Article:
The Jets will land the most prominent free agent cornerback available this year — Trumaine Johnson, formerly of the Rams. This is a huge signing for general manager Mike Maccagnan, who entered free agency with $89.879 million in salary cap space to use (most in the league).
Now, the question becomes: Can Johnson transform the Jets’ sputtering secondary, while teaming up with the prodigious safety duo of Jamal Adams and Marcus Maye? And will Johnson be worth the money the Jets are investing in him?
The #Jets are expected to sign CB Trumaine Johnson to a deal worth roughly $15M per year, source said.
— Ian Rapoport (@RapSheet) March 13, 2018
Earlier Tuesday, the Jets re-signed quarterback Josh McCown and signed ex-Browns running back Isaiah Crowell. But Johnson’s signing is a bigger move than either of those two. With the Johnson signing, Maccagnan really got a chance to flex his cap space muscles.
Johnson and Crowell will be able to sign with the Jets at 4 p.m. Wednesday, with the NFL‘s free agency signing period begins.
Johnson immediately gives the Jets at a true No. 1 corner — a valuable asset in today’s NFL. The Jets’ outside corners last season were Morris Claiborne (who is now a free agent) and Buster Skrine (who is under contract for 2018, but is better in the slot).
If the Jets are able to re-sign Claiborne, they could move Skrine into his more natural slot role. If they can’t re-sign Claiborne, they’ll either be in need of another outside corner or a slot corner, if they want to keep Skrine outside, opposite Johnson.
The Jets could plug that hole with a player on their current roster, though, like Juston Burris, whom they drafted in 2016, a year before they took Adams and Maye in Rounds 1 and 2.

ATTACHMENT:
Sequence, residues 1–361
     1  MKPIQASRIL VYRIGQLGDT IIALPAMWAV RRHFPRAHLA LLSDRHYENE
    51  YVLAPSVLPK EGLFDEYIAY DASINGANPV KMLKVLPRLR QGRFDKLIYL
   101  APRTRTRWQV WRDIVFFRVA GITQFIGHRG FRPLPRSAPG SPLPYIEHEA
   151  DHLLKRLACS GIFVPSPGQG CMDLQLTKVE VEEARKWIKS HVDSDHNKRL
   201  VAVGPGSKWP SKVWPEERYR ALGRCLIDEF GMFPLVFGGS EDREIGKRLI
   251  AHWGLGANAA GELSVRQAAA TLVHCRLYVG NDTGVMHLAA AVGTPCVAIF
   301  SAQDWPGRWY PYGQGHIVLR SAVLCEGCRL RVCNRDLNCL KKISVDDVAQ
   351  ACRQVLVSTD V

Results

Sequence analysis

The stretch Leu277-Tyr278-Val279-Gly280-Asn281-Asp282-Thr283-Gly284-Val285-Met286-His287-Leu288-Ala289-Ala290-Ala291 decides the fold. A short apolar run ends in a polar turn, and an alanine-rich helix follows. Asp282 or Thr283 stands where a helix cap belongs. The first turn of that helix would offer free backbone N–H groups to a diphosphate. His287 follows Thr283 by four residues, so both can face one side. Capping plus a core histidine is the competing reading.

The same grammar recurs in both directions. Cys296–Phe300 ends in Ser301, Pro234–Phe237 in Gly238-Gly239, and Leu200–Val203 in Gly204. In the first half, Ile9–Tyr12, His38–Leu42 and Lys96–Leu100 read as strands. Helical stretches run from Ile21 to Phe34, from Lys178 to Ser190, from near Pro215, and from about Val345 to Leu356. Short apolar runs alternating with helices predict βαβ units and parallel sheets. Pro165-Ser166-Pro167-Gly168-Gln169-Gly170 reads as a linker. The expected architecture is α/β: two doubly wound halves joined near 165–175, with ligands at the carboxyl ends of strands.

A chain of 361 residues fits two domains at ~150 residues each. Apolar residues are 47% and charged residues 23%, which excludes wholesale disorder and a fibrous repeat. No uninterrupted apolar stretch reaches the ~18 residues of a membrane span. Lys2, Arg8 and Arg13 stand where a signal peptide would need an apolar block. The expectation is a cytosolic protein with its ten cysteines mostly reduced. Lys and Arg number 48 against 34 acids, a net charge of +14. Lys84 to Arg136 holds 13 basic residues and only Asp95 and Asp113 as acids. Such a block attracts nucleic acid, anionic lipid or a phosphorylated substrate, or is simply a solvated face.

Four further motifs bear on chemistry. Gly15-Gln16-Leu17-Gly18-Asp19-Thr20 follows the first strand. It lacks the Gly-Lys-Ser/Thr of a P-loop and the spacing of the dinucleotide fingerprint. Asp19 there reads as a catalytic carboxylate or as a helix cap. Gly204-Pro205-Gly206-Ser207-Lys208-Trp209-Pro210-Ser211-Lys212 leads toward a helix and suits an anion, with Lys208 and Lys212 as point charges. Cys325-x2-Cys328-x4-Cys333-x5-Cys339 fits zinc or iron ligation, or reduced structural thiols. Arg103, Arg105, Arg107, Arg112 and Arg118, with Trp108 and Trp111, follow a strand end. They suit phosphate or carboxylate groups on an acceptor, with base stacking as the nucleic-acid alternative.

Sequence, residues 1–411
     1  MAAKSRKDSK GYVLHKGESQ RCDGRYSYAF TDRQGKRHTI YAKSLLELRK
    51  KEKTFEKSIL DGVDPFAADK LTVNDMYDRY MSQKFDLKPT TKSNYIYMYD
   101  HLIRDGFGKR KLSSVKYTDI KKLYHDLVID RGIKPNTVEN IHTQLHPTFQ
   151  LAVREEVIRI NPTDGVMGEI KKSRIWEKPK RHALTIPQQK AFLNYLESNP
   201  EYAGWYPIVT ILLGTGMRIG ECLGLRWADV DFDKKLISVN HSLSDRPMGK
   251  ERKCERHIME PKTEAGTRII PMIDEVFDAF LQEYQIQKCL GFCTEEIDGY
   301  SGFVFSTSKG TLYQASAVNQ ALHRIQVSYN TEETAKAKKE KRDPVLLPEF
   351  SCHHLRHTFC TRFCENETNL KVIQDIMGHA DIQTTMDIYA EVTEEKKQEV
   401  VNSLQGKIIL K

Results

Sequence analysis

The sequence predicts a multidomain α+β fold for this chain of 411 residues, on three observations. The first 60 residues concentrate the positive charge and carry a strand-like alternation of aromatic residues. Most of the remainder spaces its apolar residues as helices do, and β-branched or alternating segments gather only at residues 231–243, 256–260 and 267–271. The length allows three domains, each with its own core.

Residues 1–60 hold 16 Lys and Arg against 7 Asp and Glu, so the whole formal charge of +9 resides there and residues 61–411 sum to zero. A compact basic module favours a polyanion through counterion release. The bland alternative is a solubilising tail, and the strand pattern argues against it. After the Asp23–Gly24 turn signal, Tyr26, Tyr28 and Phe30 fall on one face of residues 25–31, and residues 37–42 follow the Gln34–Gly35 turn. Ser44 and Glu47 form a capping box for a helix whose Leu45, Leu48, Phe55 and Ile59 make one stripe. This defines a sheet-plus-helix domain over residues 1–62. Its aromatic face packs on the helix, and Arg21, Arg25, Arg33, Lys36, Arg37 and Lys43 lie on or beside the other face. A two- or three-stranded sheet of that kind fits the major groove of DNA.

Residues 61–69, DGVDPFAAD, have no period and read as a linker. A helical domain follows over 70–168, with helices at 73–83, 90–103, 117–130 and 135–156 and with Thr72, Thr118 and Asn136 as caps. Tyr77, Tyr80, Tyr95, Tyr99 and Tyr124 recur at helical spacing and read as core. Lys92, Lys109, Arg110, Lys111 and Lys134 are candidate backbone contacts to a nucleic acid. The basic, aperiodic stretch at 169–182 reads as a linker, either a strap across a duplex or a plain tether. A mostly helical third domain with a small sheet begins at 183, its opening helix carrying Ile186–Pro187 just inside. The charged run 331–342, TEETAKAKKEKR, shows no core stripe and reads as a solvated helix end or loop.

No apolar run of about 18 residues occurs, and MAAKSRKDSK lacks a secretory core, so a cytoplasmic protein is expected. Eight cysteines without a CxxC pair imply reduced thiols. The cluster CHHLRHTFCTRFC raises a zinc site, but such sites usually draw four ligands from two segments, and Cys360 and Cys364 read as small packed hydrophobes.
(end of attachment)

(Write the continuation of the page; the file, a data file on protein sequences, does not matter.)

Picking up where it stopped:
But what’s most important — for now, for the Jets — is that they were able to land Johnson, a highly coveted free agent. He is just 28 years old, with 18 career interceptions (three returned for touchdowns) and 67 passes defended.
He had spent his entire six-year career with the Rams. The Jets’ current secondary coach, Dennard Wilson, was the Rams’ defensive backs coach from 2015-16. Johnson had his best season in 2015 — seven interceptions.
Though Adams and Maye acquitted themselves well in 2017 — and look like they have a long-term future with the Jets — the team’s cornerback play was just OK, as Skrine remained penalty prone.
All told, the Jets’ secondary didn’t put up great numbers last year. The Jets tied for 20th in the league with 11 interceptions. They allowed the league’s 14th-highest quarterback rating, 90.1, which is just OK, but not great.
Ultimately, they needed to be more disruptive in their secondary. And they needed a cornerback like Johnson who could use his size (6-foot-1 and 205 pounds) to shut down elite opposing receivers in press man-to-man coverage — which is what coach Todd Bowles wants.
Now, let’s see if Johnson can deliver on the Jets’ expectations and help boost a critical area of their defense.